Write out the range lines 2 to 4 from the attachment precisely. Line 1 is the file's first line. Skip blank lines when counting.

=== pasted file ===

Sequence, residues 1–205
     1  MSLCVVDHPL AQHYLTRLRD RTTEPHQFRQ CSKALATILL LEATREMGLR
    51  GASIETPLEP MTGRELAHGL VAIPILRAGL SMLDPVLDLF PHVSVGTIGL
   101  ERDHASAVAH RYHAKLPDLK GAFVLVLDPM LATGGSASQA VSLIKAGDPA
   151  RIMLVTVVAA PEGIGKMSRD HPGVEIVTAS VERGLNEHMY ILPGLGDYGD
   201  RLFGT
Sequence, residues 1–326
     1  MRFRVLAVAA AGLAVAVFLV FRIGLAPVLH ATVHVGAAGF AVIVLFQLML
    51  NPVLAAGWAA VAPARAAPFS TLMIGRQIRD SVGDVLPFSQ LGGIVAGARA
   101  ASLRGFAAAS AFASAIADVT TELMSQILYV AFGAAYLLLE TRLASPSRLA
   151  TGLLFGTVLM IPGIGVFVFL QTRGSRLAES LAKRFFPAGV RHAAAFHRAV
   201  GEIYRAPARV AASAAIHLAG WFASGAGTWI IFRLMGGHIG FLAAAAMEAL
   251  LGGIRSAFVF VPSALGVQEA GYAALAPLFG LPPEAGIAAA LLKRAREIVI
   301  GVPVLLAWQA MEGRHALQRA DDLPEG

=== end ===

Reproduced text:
     1  MSLCVVDHPL AQHYLTRLRD RTTEPHQFRQ CSKALATILL LEATREMGLR
    51  GASIETPLEP MTGRELAHGL VAIPILRAGL SMLDPVLDLF PHVSVGTIGL
   101  ERDHASAVAH RYHAKLPDLK GAFVLVLDPM LATGGSASQA VSLIKAGDPA